Relying on Halicki and other precedents, the panel established a three-prong test for determining whether a character in a comic book, television program, or motion picture is entitled to copyright protection. First, the character must generally have "physical as well as conceptual qualities." Air Pirates, 581 F.2d at 755. Second, the character must be "sufficiently delineated" so as to be recognizable as the same character whenever it appears by displaying consistent identifiable character traits and attributes, but it need not have a consistent appearance. Rice v. Fox Broadcasting Co., 330 F.3d 1170, 1175 (9th Cir. 2003); and Halicki, 547 F.3d at 1224. Third, the character must be "especially distinctive" and "contain some unique elements of expression" (id.), but cannot be a stock character (Rice, 330 F.3d at 1175).

Applying this three-prong test to the present matter, the panel held that: (1) the Batmobile is not a mere literary character because by appearing graphically in comic books and three-dimensionally on television and in motion pictures, the Batmobile has both physical and conceptual qualities; (2) the Batmobile is "sufficiently delineated" to be recognizable as the same character whenever it appears and has consistent character traits and attributes, such as its bat-like appearance with sleek and powerful crime-fighting characteristics and up-to-date weapons and technology; and (3) the Batmobile is "especially distinctive" and is not a mere stock character because it contains unique elements of expression due to its status as Batman's "loyal bat-themed sidekick," unique character traits and physical elements, and unique and highly recognizable name. Thus, the panel concluded that the Batmobile was entitled to copyright protection.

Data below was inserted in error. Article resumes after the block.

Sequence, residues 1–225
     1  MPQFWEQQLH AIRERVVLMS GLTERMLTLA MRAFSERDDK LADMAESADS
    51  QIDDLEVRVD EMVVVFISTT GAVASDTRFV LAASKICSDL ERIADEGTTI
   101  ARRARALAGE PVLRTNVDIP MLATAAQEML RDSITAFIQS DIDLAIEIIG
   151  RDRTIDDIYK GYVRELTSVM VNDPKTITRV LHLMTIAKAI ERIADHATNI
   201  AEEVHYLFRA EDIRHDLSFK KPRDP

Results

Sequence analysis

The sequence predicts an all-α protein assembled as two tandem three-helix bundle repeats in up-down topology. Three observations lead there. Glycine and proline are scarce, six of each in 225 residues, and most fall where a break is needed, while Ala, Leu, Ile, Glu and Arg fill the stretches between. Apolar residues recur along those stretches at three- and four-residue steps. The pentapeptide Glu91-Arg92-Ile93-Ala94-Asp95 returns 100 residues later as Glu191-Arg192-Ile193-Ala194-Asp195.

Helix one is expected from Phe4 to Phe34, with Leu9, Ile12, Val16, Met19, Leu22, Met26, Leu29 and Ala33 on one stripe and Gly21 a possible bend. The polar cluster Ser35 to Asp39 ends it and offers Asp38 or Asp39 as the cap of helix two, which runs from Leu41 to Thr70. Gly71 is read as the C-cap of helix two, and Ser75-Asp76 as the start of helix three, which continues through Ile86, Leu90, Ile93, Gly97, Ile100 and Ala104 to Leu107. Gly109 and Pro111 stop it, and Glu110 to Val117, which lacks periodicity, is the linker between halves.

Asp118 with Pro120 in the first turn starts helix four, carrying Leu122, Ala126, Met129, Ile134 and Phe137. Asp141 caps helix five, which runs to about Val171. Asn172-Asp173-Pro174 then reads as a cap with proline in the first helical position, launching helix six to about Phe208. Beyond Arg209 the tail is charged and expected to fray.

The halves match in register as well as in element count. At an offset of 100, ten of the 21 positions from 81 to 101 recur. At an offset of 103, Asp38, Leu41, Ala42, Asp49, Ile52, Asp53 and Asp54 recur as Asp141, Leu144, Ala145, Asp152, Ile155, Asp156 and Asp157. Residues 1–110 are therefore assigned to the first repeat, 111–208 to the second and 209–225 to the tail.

As to Towle's second and third arguments that he did not infringe on DC's underlying work because the Batmobile as it appeared in the 1966 television series and the 1989 motion picture look substantially different from any particular depiction of the Batmobile in the comic books and the Batmobile as it appeared in the 1966 television series and the 1989 motion picture were produced by third parties pursuant to sub-licensing agreements with ABC and BPI, respectively, the panel dismissed both arguments on grounds that: (1) as a copyrightable character, the Batmobile need not have a consistent appearance in every context, so long as it has distinctive character traits and attributes; (2) since Towle produced an entire three-dimensional expression of the entire Batmobile character as it appeared in the 1966 television series and the 1989 motion picture, Towle necessarily copied some aspects of DC's underlying works; (3) DC retained its rights to the underlying Batmobile character; and (4) DC's licensing agreements with ABC and BPI cannot deprive DC of its rights to the underlying Batmobile character.